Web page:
appalachian brewing

Appalachian Brewing Co.: Root Beer

History: You know you’re doing something right when everyone knows you as a beer place, but you secretly make more money off of your craft soda sales. That’s what happened with Appalachian Brewing Company in Harrisburg, Pennsylvania. Appalachian Brewing Company’s Brewmaster Artie Tafoya says “It was due to the demand. People wanted to buy it. It just ended up turning into a bigger deal.” On paper that’s a pretty impressive feat considering the brewery produces around 15 beers at a time depending on the season and just four bottled craft sodas. Like most in the craft soda business, their signature soda is their homemade root beer, something Tafoya experimented with initially as a family-friendly alternative to the hard stuff. When asked what sets Appalachian Brewing’s root beer apart from a plethora of others, Tafoya said he believes several ingredients stick out including: pure Appalachian spring water, cane sugar, mexican vanilla bean extract, and clover honey. The clover honey is a signature ingredient in several of the company’s craft sodas. It’s a recipe designed to taste like “old fashioned root beer,” Tafoya says. The brewery has been around nearly two decades and will celebrate its 20th anniversary in 2017. And while it’s not much of a secret anymore that Appalachian Brewing Company is as much of a player in craft soda as it is in beer, the company’s dedication is what will keep it at the forefront of both industries in the years to come. “I’ll spend any amount of money to make it,” Tafoya says of his products. That’s a formula for good liquid.

Buy: Due to freezing temperatures in the northeast over the winter, your best bet for placing an order is by contacting the company directly.

Nose: Classic root beer with a vanilla-forward scent and a touch of spearmint. When you’ve tried as many sodas as we have, you can tell that this also smells like it’s going to taste creamy.

Taste: Mint; birch bark; sarsaparilla root; vanilla; mild creaminess. When you think of old time root beers that relied heavily on botanical flavors and mint vs. modern root beers that are all vanilla and very creamy, this definitely leans towards those of yesteryear. Right away you taste a big minty influence, more wintergreen than spearmint. Not spicy, but really permeates the nose. Next there’s a 1-2 combo of sarsaparilla root and birch bark that give the root beer a signature throwback flavor, the kind you used to taste at medieval fairs as a kid. What? You didn’t go to any medieval fairs as a kid? That was just me? Man, you missed out. But there’s also a subtle creaminess to this. It’s not as hard-hitting on the vanilla as most modern root beer recipes, but there’s enough of it for you to taste. As far as the honey, that really comes in on the finish. This is a nuanced, full-bodied root beer with a nice old school flavor.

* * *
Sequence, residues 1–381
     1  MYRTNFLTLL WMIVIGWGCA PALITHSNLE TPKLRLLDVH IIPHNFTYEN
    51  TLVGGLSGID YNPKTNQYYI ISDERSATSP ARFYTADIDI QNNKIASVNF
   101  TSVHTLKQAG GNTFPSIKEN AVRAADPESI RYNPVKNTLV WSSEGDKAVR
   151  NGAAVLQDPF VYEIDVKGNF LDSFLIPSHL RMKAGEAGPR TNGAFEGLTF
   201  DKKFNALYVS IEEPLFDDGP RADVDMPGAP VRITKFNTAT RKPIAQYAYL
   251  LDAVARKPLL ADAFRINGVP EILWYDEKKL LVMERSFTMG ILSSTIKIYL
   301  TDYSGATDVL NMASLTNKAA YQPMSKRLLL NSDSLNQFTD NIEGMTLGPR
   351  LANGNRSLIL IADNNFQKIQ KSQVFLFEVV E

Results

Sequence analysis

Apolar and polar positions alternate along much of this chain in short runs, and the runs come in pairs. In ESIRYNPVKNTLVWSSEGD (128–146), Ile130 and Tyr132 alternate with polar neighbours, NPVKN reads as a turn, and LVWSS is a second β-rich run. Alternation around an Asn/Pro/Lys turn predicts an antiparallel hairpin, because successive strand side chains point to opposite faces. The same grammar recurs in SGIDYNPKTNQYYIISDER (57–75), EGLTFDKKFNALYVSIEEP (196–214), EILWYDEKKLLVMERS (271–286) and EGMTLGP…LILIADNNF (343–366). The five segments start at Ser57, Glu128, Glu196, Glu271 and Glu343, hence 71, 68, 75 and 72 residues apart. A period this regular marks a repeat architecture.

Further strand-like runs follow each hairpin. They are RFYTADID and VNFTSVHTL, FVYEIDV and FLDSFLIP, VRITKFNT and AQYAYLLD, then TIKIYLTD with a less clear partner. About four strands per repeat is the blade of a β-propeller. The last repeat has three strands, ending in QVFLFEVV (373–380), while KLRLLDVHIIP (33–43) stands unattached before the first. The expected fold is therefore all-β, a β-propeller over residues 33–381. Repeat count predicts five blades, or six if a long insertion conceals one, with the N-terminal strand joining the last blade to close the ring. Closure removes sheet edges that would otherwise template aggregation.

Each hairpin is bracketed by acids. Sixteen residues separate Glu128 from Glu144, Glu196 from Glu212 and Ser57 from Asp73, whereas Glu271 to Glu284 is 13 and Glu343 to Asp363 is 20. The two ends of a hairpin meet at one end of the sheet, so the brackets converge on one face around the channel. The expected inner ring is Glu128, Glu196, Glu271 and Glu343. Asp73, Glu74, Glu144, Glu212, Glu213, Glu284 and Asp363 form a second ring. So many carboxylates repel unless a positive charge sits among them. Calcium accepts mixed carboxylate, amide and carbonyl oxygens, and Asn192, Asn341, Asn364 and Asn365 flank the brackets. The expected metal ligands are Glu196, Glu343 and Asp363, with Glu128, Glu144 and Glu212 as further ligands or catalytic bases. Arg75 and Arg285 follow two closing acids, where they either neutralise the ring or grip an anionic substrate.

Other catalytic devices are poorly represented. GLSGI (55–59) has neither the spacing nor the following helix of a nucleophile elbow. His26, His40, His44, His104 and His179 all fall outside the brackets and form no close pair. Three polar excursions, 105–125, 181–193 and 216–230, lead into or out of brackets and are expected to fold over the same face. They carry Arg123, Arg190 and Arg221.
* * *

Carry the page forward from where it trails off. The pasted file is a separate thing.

Finish: Tangy sarsaparilla and mild vanilla flavors that fade into noticeable honey. The more you drink this, the more pronounced the honey becomes.

Rating: It’s refreshing to see a modern company creating a root beer that tastes like it was imported from the past. Appalachian Brewing Company’s Root Beer is bold and layered with big notes of wintergreen mint, sarsaparilla root, and birch. It feels like something you should should drink out of a silver chalice in the woods while wearing flannel and blue jeans. Maybe something to quench your thirst with after chopping down a tree. I also appreciate the mild use of vanilla and honey that make this root beer a lot more approachable for soda hounds who aren’t fans of the more earthy flavors. This drinks easily and is very crisp on the tongue, giving it a pleasant mouth feel. I personally like a little bit more vanilla in my root beers, but I think Appalachian Brewing is really catering to a part of the root beer crowd that feels like their favorite recipes have fallen by the wayside. This is a callback to simpler times and bolder soda. I wouldn’t hesitate to try this if you get the chance.

Four Stars

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Appalachian Brewing Co.: White Birch Beer